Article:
Conditions at Accident Site: Visual Conditions
Condition of Light: Day
Observation Facility, Elevation: E38, 4514 ft msl
Observation Time: 0815 CDT
Distance from Accident Site: 1 Nautical Miles
Direction from Accident Site: 360°
Lowest Cloud Condition: Clear
Temperature/Dew Point: 19°C / 15°C
Lowest Ceiling: None
Visibility:  10 Miles
Wind Speed/Gusts, Direction: 4 knots, 180°
Visibility (RVR):
Altimeter Setting: 30.16 inches Hg
Visibility (RVV):
Precipitation and Obscuration: No Obscuration; No Precipitation
Departure Point: Alpine, TX (E38)
Type of Flight Plan Filed: None
Destination: Alpine, TX (E38)
Type of Clearance: None
Departure Time: 0810 CDT
Type of Airspace: Class G 

Airport Information

Airport: Alpine Casparis Municipal (E38)
Runway Surface Type: N/A
Airport Elevation: 4514 ft
Runway Surface Condition:
Runway Used: N/A
IFR Approach: None
Runway Length/Width:
VFR Approach/Landing: Forced Landing 

Wreckage and Impact Information

Crew Injuries: 1 Minor
Aircraft Damage: Substantial
Passenger Injuries: N/A
Aircraft Fire: None
Ground Injuries: N/A
Aircraft Explosion: None
Total Injuries: 1 Minor
Latitude, Longitude: 30.367500, -103.683611 (est)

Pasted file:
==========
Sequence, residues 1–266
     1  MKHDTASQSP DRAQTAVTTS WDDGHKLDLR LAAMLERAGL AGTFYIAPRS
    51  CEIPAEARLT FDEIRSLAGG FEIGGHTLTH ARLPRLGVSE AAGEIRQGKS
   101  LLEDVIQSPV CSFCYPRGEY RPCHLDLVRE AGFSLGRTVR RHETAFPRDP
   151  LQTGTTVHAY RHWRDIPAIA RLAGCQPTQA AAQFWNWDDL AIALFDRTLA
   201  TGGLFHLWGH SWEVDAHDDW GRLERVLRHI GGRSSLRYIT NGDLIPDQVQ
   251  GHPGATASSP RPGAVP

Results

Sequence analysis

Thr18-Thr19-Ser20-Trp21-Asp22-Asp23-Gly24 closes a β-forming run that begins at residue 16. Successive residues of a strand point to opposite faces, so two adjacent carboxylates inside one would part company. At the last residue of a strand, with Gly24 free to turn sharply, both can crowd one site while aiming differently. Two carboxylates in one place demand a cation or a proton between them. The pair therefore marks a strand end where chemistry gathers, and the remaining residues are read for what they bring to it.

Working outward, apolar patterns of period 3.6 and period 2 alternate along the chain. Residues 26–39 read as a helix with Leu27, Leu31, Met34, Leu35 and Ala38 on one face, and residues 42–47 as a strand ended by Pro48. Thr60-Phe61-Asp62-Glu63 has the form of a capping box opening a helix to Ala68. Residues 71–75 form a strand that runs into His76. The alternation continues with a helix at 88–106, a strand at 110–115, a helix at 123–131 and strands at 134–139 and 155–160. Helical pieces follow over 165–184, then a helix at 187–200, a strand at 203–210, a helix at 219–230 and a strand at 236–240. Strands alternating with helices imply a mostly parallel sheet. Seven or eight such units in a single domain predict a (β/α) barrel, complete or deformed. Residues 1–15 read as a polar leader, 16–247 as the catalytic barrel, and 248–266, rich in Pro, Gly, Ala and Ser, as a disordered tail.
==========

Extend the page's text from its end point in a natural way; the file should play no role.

NTSB Identification: CEN15LA263
14 CFR Part 91: General Aviation
Accident occurred Saturday, June 06, 2015 in Alpine, TX
Aircraft: BELCHER JIM B ZENITH 601XLB, registration: N274AJ
Injuries: 1 Minor.

This is preliminary information, subject to change, and may contain errors. Any errors in this report will be corrected when the final report has been completed. NTSB investigators may not have traveled in support of this investigation and used data provided by various sources to prepare this aircraft accident report.

On June 6, 2015, at 0820 central daylight time, an amateur-built Zenith 601XLB, N274AJ, collided with a residential carport in Alpine, Texas, following a loss of engine power during cruise flight. The sport pilot was not injured and the airplane was substantially damaged. The airplane was registered to the pilot and operated under the provisions of 14 Code of Federal Regulations Part 91 as a post maintenance test flight. Visual meteorological conditions prevailed for the flight, which was not operated on a flight plan. The flight originated from Alpine Casparis Municipal Airport (E38), Alpine, Texas, about 0810.